Two years after Navistar became part of the Traton stable of global truck brands, Navistar executives say the brand is back on the offensive. We talked to Göran Nyberg on where the company stands with electrification, autonomous technology, the integration of the two companies, and more.
Nyberg became well acquainted with the North American truck market after heading up Volvo Trucks North America for more than five years. In 2018, he left to take a position with MAN Truck & Bus. Late last year, he moved from MAN, owned by Traton, to take over at Navistar, which was acquired by Traton a little more than a year previously, as executive vice president, commercial operations.
Nyberg was front and center in Las Vegas this summer for the launch of the International S13 integrated powertrain, but we didn’t have a chance to sit down for an interview until the American Trucking Associations’ Management Conference & Exhibition in San Diego last month. Even then, it was short and sweet.
HDT: It’s been a few years since you last headed up a truck OE here in North America. What are a few things you see that have changed about the market since then?
Nyberg: Of course, coming back to the U.S. in the middle of COVID was extraordinary circumstances. I don’t know the market has changed so much; the big fleets are getting slightly bigger, you’re seeing some consolidation, [but] is that permanent or part of the business cycle? Personally, I think with increased complexity and the cost of new technology, there might be a movement toward larger fleets.
HDT: Speaking of COVID, we’ve all heard about how it scrambled supply chains. Are things looking any better as far as being able to get truck parts?
Nyberg: The last two months, it’s not perfect, but it’s definitely a few steps forward. Still, it’s daily, weekly attention to the supply chain. It ain’t over yet.
HDT: There’s been a lot of discussion about other paths to reduce carbon emissions other than battery-electric trucks, including renewable natural gas and even hydrogen in internal combustion engines. Will the new S13 engine platform be something that we could see eventually run on alternative fuels?
Nyberg: From a [Traton] group perspective, we are looking into all the technologies you named. And not to forget diesel. Even with zero-emission sales at 50% by 2030, personally I believe the future will be a palette of solutions. We have started with [electrifying] our school buses… on our eMV medium-duty, we now have an e-PTO [under development], which offers up a wider range [of applications]. Thirdly, we will go into the Class 8 with the RH [regional haul] day cab. But delivering the cleanest diesel powertrain in the industry helps us in sustainability, as well.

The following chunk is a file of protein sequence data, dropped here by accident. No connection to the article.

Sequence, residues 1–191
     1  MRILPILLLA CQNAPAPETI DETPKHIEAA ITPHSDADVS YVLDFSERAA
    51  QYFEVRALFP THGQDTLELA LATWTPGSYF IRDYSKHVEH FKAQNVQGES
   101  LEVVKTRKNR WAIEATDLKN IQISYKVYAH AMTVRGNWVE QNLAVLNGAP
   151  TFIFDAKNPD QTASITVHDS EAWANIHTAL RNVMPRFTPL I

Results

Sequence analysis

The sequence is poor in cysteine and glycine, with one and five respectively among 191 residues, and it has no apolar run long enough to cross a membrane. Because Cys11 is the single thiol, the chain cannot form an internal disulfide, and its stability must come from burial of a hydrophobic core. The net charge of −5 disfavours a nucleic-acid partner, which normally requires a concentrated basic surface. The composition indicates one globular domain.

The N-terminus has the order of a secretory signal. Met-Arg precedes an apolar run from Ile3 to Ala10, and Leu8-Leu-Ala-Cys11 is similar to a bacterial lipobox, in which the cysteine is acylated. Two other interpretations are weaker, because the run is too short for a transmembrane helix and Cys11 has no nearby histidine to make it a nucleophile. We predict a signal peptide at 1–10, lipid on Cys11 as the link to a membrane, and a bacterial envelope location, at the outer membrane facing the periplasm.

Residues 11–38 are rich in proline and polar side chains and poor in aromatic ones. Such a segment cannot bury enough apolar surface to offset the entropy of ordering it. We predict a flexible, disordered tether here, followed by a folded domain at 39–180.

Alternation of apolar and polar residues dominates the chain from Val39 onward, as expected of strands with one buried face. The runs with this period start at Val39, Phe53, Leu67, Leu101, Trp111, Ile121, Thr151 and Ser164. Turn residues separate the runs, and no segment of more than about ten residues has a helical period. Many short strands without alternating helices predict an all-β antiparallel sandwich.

If you look at well-to-wheel emissions, you can debate what is the cleanest solution. I think that is still to come, and we should be honest to ourselves when we talk about measurements. What you measure you work with, I think we will refine the measurements and definition of measurements over time. I think we all want to save the next generations to come and save the planet.
With the Class 8 RH electric, we can control the environment of vehicles going to the home base at night [for charging]. Long haul, [electrification] will for sure come in the future, but I don’t see it for the next few years. There is also an interesting debate on hydrogen.
HDT: There are quite a few displays on the show floor of autonomous technology. Any updates on how the project with TuSimple is going, from Navistar’s perspective?
Nyberg: We have had a good partnership with TuSimple, but it’s not an exclusive, and we are working on autonomous solutions in the group. I would say overall we are quite well prepared in the journey toward autonomous vehicles. We are running extensive testing in Europe as well as in America. That’s the benefit of scale.
HDT: It’s been a little over two years since Traton bought Navistar. How is that integration going?
Nyberg: We are in the left lane going at high speed trying to take care of all the future investments. [Or as Diane Hames, vice president (CMO), marketing, interjected, “The market moves quickly, so we need to move quickly.”]
We have new management, new products, new demand for investments; I think the company is entering into a new environment that is very forward-looking and we are building to the future. It’s very exciting.
I think everyone knows that the company is now on stable ground… it gives us the horsepower to catch up in areas where we might have been behind, and the confidence factor is absolutely critical. The confidence factor also internally is on a very high level. We as a company have become a more attractive employer as well because everyone wants to join a winning team.
[Or as Hames put it, “We’re on the offense again.”]
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